Thursday, January 11, 2018
A Brooklyn painting from the "late day" series. The grid is more apparent in this one. Though it has a couple vehicles and two "figures" not including the dog, it's also quite abstract at the same time. A 9x12 oil on panel.
In my reading about John Keats, I've encountered his "negative capability." It sounds like something one wouldn't want to admit to, but it's quite positive, a term meaning a sympathetic openness to the world based on particulars and concreteness. It's appealing to this painter.
Monday, January 8, 2018
This Brooklyn painting is the third in the series that started with the junk yard dog painting of Dean Street. I call it the Brooklyn late day series. This painting shows a view of Washington Avenue. It's a 9x12 oil on panel. So I am juggling three painting series at the moment: Red Hook, Late Day, and Trees and Snow.
Sunday, January 7, 2018
One more 8x10 oil on panel of trees and snow before I switch off to another previous series.
The book I am reading at the moment has these words: "Beauty can hurt you, you have to deal with it in a cautious manner. You feel like dissolving into nothingness."
Saturday, January 6, 2018
Friday, January 5, 2018
Another 8x10 oil on panel from the just started tree and snow series. Actually it's a slightly different view of the same location as yesterday's painting. I used to call these "looking into the woods" paintings. They are views from the side of a road.
Thursday, January 4, 2018
This 8x10 oil on panel of trees and snow is the start of another series of paintings. I'm reusing panels of discarded old paintings. I like working on the old paint buildup and previous brushwork. Maurice Denis, the French painter, once said that a painting, "before being a battle horse, a nude woman, or an anecdote of some sort--is essentially a flat surface covered with colours, put together in a certain order." So when I look at trees and snow, a very common sight now, I also see a collection of paint marks put together in a certain order that also resembles trees, snow, rocks, branches, etc.
Monday, January 1, 2018
Sunday, December 31, 2017
A view of another area in Brooklyn, Dean Street, where there are old warehouses, empty lots, littered sidewalks and junk yards: a 9x12 oil on panel.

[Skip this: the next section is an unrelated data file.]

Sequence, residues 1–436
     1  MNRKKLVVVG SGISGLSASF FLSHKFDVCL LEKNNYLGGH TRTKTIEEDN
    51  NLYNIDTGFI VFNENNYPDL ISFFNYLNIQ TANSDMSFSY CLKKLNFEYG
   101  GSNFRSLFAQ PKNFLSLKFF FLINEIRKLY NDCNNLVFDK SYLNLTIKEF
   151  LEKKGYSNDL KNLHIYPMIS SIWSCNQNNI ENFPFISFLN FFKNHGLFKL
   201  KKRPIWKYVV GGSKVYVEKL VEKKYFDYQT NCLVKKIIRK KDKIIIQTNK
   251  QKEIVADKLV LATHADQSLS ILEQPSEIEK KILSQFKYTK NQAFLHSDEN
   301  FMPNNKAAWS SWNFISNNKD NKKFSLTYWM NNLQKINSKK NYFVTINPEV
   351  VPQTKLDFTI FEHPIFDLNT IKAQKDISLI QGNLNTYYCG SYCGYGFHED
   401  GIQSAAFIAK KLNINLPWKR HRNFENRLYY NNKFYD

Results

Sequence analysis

When I was there a few days ago, I saw a dark gray cat cut across an empty fenced-in lot. Then as I turned the corner, I saw the cat go into the junk yard across the street. The cat immediately ran out of the junkyard as I approached the gate. The most sorry looking small bull dog came out in pursuit, but stopped immediately upon seeing me. The dog seemed to have one eye half-closed, a large scar on his face, and a bulls eye ring around one eye. He (assumption) looked at me suspiciously for a second, and, while I wondered if he was going to attack me, he quickly ran back and disappeared into the junk yard. As I continued on my way, I wondered why the cat had entered the junk yard to begin with. Certainly both animals were locals aware of each other's existence.
Saturday, December 30, 2017
A surreal Red Hook painting, the eighth in the series. Not to worry; I'll be moving to a different location for the next one. This one is 8x10 oil on panel.
I'm currently reading the fabulous biography of John Keats by Walter Jackson Bate. In his late teens, Keats knew he wanted to be a poet, but he did not know what to write about. So, at first, he wrote poetry about writing poetry. How modern.
Sunday, December 24, 2017
The seventh Red Hook, an 8x10 oil on panel.
I've just finished reading Night Studio, a memoir, written by Musa Mayer, the daughter of the painter Philip Guston. One enviable takeaway for me is the constant and exciting creativity that came upon Philip Guston in the last twelve years of his life. No matter what you may think of his paintings and drawings from this period, he kept finding and inventing new visual ideas pulled from his own experience. It's as if he didn't know they were there, but when he started tapping the source, they kept coming and coming.